In Russia, the First Congress of Soviet Writers in 1934 established Socialist Realism as the main creative style for Soviet literature, noting that the artist must not just understand life as an “objective reality” but also a reality within the developments of the revolution. On this occasion, Maxim Gorky stated that Socialist Realist literature was directly connected to the proletariat, and its ascension in world history as an independent political force. Hence, British Chartist poetry, German proletarian poetry, and the French literature of the Paris Commune were to be located as the beginnings of this new literary form, which had to wait until the first Russian revolution to be able to affirm itself as the mature phase of this proletarian revolution.

Dong Xiwen, Thousand-year Old Earth has Turned Over, date unknown. Watercolor. This plate is extracted from the book Views on the Route of Long March (长征路线写生集), 1958.

The Yan’an Conference on Literature and Art

The Communist Party of China was established in 1921 as a branch of the Communist International founded by Lenin in 1919, with initial funding and guidance from the latter. A fracture arose when the Central Committee, controlled by personnel sent over by the Communist International, demanded that the Chinese Communist Party’s struggles use Soviet tactics and directly serve the Soviet Union. When war broke out between Germany and the Soviet Union in 1941, the Soviet Union was too preoccupied to manage the affairs of the Chinese Communist Party and its Red Army, controlled by Mao Zedong and other local cadres. Mao Zedong took this opportunity to attack the internationalists within the party, led by Wang Ming, and coin a local Marxism—a “proletarian party” free from the control of the Soviet Union. The Communist Party of China was transformed from a subsidiary organization of the Communist International into a tight-knit, autonomous party with a solidified role for art and literature in its political policies.

After these developments, the Chinese Communist Party carried out party-wide Marxism-Leninism pedagogic movements in 1942, 1950, and 1957 to solidify Mao’s absolute leadership. As an important component of the Yan’an Rectification Movement, Mao personally hosted the Yan’an Conference on Literature and Art from May 2 to 23, 1942. Over a hundred art and literary workers as well as officials from various departments of the party attended. The objective was to resolve the theoretical and practical issues that Chinese proletarian art and literature had encountered in its development, including the relation of the artwork to the overall work of the party, its public and its dissemination, as well as the unification of content and form, of praise and exposure. Mao Zedong’s opening and closing remarks that May were combined and officially published on October 19, 1943 in the Yan’an newspaper Liberation Daily, marking the beginning of the new era of integration between new Chinese literature and the worker-peasant-soldier masses.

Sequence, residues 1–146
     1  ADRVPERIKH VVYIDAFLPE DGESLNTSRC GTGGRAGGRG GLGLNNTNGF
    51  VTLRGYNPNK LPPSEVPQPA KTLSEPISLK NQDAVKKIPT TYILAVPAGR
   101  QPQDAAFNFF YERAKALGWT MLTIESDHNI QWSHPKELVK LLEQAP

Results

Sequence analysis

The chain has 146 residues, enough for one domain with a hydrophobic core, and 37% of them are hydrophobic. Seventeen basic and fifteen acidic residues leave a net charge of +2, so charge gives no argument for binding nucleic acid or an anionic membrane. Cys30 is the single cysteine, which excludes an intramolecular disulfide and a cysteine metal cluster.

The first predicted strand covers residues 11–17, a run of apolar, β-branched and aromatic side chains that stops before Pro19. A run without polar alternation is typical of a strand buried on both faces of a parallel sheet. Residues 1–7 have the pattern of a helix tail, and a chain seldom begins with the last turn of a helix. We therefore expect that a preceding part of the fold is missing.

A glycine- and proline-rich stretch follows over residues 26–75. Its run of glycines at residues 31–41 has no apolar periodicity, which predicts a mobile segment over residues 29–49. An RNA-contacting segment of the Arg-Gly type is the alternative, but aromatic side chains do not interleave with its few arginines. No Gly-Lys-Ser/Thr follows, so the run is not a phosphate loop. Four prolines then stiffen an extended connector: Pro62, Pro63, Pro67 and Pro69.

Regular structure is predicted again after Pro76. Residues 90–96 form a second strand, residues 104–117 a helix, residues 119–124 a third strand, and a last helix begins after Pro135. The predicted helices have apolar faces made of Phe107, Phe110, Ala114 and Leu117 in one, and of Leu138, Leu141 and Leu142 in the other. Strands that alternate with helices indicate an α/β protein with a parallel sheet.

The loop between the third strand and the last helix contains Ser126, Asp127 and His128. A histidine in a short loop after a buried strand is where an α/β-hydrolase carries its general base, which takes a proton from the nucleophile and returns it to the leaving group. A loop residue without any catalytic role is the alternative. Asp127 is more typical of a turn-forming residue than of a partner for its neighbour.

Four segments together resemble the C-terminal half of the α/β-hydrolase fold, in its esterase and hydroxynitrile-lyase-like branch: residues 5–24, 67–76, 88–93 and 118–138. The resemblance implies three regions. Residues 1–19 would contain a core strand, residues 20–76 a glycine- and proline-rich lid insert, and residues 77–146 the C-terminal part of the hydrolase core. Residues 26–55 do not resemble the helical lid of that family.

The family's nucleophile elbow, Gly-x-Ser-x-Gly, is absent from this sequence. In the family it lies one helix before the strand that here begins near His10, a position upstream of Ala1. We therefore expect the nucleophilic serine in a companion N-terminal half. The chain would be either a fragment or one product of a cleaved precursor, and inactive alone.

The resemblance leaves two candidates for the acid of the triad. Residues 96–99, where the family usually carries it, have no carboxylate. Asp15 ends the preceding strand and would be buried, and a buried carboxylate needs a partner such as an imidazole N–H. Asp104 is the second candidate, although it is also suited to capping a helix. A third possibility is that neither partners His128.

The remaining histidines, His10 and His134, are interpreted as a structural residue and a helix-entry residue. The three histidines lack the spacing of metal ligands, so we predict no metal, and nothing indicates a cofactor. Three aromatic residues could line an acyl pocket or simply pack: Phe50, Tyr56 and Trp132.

In the Talks at the Yan’an Conference on Literature and Art, Mao proposed:

The life of the people is always a mine of the raw materials for literature and art, materials in their natural form, materials that are crude, but most vital, rich and fundamental; they make all literature and art seem pallid by comparison; they provide literature and art with an inexhaustible source, their only source. They are the only source, for there can be no other.2

This exposition has determined our later narrowness as we view contemporary art. Like Mao’s absoluteness in the orthodoxy of the Communist Party’s ruling and ideology in China, there is a tendency to exclude any different perspective and to recognize only one legitimate form, approach, and value, giving no space at all to diversions and differences. In the case of defining what is realist art for the Chinese art world, we often fall into the same logic of singularity, taking the biased view that content is the only testament to the continuation of the creative traditions of realism, while overlooking creations that engage in experiments with other aspects of a broader sense of realism.

Meanwhile, we narrowly define reality as that reality which exists before the eyes and in the lives of the masses. Despite the fact that the reality depicted by Socialist Realism actually includes subjective ideas and faces the so-called reality of communist ideals, Socialist Realism as a creative approach is far less definite than we have estimated and previously understood. Bureaucracy and censorship, as well as the resulting artistic views that arose in the 1940s around the principle that art should serve politics, have proven much more stable. After several decades of security, the various operations—from policies on art to art patronage projects, the Artist’s Association, the National Fine Arts Exhibitions, sponsorship, the censorship regime, and the art museum system—formed an unshakeable inertia. The art and discussions of art cultivated within this system have come to occupy more widely disseminated fields such as textbooks, mass media, and museums.